The last approach is cliche — an empty question that nevertheless puts someone under social pressure to respond. The others are just an unconditional expression of happiness. At a security check, the company already is making demands of its customers. Open the bag, turn out your pockets, walk through the scanner. Why compound that hassle with any additional requests? Instead, just give. Give people a smile. Show people your happiness to be here. Don't ask any unnecessary questions and do not make any unnecessary demands. If a guest isn't feeling that joy, let the guest have her or his space.
I know, having worked at Disney World, that the core of that job is making people happy. But no individual can force another person to feel happy. All you can do is offer happiness and recognize that it is up to your guests to catch it... or not.
Having been around since dinosaurs roamed the Earth, I have learned that a direct command almost never inspires someone to change how they feel. Check that. Direct commands do make people change the way they feel, but they make us feel worse: frustrated, picked upon, and even angry.
Let me stop telling and start showing, then. The first time I got a front-row seat for a Disney parade, Captain Hook walked over to me, sitting on the Main Street curb. I was probably around 10, and looking back, am sure that I was sitting with a blank expression on my face. Being an emerging theme park geek, I was fascinated by the operation of the parade — the floats and the people, all working together in precise choreography. I wanted to study every move. As an obsessive perfectionist, I loved what I was seeing, so close in front of me. But, knowing me, when I am that deep in thought, my face isn't smiling.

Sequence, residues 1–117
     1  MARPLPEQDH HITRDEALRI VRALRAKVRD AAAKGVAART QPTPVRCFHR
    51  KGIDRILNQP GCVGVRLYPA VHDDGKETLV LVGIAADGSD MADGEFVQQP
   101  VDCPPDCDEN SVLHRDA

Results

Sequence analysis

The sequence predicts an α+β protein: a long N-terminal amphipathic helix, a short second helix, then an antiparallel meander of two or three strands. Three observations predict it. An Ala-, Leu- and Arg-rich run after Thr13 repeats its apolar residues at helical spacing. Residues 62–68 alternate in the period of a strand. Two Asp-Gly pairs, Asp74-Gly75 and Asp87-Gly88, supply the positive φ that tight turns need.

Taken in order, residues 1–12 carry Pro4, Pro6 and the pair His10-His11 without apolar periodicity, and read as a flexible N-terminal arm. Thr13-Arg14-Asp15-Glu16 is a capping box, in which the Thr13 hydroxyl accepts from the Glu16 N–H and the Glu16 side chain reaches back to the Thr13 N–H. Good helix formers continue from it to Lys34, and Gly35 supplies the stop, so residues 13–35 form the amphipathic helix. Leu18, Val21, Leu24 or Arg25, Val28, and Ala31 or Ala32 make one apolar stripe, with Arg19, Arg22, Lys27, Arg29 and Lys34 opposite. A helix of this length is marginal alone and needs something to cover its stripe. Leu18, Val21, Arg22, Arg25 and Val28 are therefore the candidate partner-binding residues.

So there came Captain Hook, to call me out. He bent over and motioned with his hands in front of his mouth, curling them up as if to make a smile. I felt the eyes of hundreds of people on the parade route turn toward me, as Hook singled me out for doing something wrong.
But I hadn't done anything wrong, which offended my extra-sensitive, pre-teen sense of justice. I had felt happy, just trying to understand how Disney pulled off this parade. Now, I felt angry and humiliated by being shamed in front of such a large crowd. I refused to watch any more Disney parades until I got a job as a cast member and no longer had a choice. And I hated Captain Hook well into adulthood.
What if Captain Hook had just come over to the little kid he saw with what looked like a scowl on his face and performed some gag, instead? What if he gave me a reason to laugh, instead of an order? What if he showed me something funny, instead of telling me what to do?
I would have loved it — one more funny thing in this wonderful parade for me to study. Whether my face showed it or not.
If your reaction to all this is to say, "you're too sensitive — lighten up," I sincerely hope that you don't get a job working in a theme park with that belief. Everyone is who he or she is. Telling people not to feel the way they feel is not supportive — if anything, it's abusive. Theme parks ought to provide an escape from such ugliness in life.
Everyone is different. Everyone deserves to be treated with respect. But respecting people means that you offer something before you even think about making a demand. Working in a theme park is hard. Cast members deserve thanks for all the crap they take from guests, every day.Yet they shouldn't add to that pile, either. This is "show" business, not "tell" business, after all.Tweet